Acacia Road: Poems
Silverfish Review Press, 2018
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Reviewed by Ben Rawlins
Aaron Brown’s Acacia Road flows from a remembered intimacy with a particular place foreign to most of us. In the opening poem, “N’Djamena Morning,” the speaker strolls through the African city as a popular song crackles on the radio, and a lizard scurries across a wall. N’Djamena is the capitol of Chad, a land-locked country in north-central Africa and Brown’s home through childhood and adolescence until violence forced his family to leave. Even as these poems provide continued connection to past meaningful experience, they also acknowledge the palpable sense of loss inherent to translating memory into poetry.
In the first of the volume’s three sections, Brown attends to the everyday patterns and images of life in Chad. Often, he includes vivid descriptive moments that incarnates this faraway place. In “Batha River,” Brown shows the “dry riverbed” that “slithers like the trail // of a prehistoric snake, its scales leaving the ruts and cracks along the bank, / dried and caked, sandstoned by sun and drought” (17). As this image shows, Brown excels at creating vivid and haunting descriptions while never veering into cliché. He has a patient, affectionate poetic voice that stays with an image until unfolds. I loved this simple yet evocative moment when Brown recalls cows returning to town at the end of “Teacher”:
—we heard them call out
their arrival, the gentle rumble of their hooves on sand,
the close coming of each one down the street and into the houses
of neighbors, to the same corner of yard where they spend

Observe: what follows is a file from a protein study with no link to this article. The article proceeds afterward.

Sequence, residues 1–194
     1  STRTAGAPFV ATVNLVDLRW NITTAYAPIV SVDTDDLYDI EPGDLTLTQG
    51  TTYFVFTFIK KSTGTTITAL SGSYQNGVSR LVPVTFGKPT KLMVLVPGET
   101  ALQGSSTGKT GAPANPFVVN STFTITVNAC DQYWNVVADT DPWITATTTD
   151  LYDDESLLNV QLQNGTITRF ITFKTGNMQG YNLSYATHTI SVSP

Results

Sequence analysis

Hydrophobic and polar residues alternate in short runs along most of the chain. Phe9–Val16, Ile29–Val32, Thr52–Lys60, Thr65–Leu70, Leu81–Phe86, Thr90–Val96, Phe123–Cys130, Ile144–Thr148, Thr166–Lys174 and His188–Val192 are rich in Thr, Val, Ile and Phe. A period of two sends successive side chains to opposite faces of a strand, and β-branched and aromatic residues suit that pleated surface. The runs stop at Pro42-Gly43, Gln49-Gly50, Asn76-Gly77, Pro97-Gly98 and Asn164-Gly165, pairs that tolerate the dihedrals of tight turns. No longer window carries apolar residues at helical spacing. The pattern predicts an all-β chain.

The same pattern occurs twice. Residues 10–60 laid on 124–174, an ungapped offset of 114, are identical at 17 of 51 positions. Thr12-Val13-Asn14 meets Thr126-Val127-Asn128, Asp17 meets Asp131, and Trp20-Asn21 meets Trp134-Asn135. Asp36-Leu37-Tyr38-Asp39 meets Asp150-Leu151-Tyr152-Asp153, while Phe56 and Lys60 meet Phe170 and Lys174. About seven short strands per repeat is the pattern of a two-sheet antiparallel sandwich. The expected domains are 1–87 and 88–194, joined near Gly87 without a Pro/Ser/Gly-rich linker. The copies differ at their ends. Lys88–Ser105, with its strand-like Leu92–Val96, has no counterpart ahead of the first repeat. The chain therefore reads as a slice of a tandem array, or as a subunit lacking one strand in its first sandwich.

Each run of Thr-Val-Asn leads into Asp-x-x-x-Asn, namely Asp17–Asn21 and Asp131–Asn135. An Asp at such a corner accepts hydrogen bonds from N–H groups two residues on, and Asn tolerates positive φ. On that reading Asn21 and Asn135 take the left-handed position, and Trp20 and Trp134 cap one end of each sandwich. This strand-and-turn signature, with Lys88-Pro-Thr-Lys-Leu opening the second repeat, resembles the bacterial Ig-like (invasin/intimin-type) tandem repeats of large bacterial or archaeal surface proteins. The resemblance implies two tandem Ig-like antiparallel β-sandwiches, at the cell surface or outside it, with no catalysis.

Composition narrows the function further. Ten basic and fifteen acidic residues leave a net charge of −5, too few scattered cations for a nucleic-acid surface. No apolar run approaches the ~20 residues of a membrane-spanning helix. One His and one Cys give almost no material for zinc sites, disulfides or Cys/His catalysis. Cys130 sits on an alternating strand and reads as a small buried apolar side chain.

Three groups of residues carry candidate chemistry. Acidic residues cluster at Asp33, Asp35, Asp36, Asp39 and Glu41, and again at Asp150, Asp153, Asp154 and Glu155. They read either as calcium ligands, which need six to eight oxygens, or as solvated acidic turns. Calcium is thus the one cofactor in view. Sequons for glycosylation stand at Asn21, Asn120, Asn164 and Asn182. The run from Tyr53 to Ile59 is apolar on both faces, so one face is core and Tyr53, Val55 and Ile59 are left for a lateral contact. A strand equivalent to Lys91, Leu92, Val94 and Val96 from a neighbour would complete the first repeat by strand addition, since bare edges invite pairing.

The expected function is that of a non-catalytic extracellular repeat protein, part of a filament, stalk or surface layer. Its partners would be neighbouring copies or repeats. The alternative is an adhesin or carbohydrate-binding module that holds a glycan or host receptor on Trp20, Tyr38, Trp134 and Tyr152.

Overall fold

every night, where a bowl of hay waits by the tetherpole,
for slow chewing through hours. (20).
This kind of descriptive impulse affects the reader because it slows the pace of the poem and positions us in a specific moment. It also temporarily suspends our awareness that the poetic account of a place is necessarily mediated through memory.
If Acacia Road features poetry of place, it is also a collection that celebrates and mourns the lives of its inhabitants. Brown’s “Teacher” educates us on what it means to share small, intimate moments with a mentor: “my brother and I took in your mind, / there in the diminishing afternoon, you so tired you could only // drink juice and crack jokes that danced around the intricacies / of Arabic” (20). I particularly like Brown’s friend who appears in “Motorcycle at Maghrib.” After motoring through town, he becomes the “life of the party” who orders “the top three things on the menu: an omelette, / steaming nashif, and bread barely stale at the end of the day” (19). In these portraits, Brown honors the dignity of lives well-lived in the midst of a difficult landscape and burgeoning violence.
While Part I offers memories from before civil war, Part II reveals the displacement Brown feels as he and his family are forced out of the country. After his family left Chad, Brown spent time in Gabon and then France before attending college in the U.S. Chad might not have been Brown’s birthplace, but the poems in Part II show how it remained his home. “Coming of Age” depicts a speaker who happens upon the disorienting energy of protest in Paris. The speaker does not know “what they protested against, only that they stood in my way // from an afternoon walk when I wanted to see something / more than marching feet, upended trash cans” (43). Compared to the affectionate perspective of “N’Djamena Morning,” this poem shows that home lies a continent away.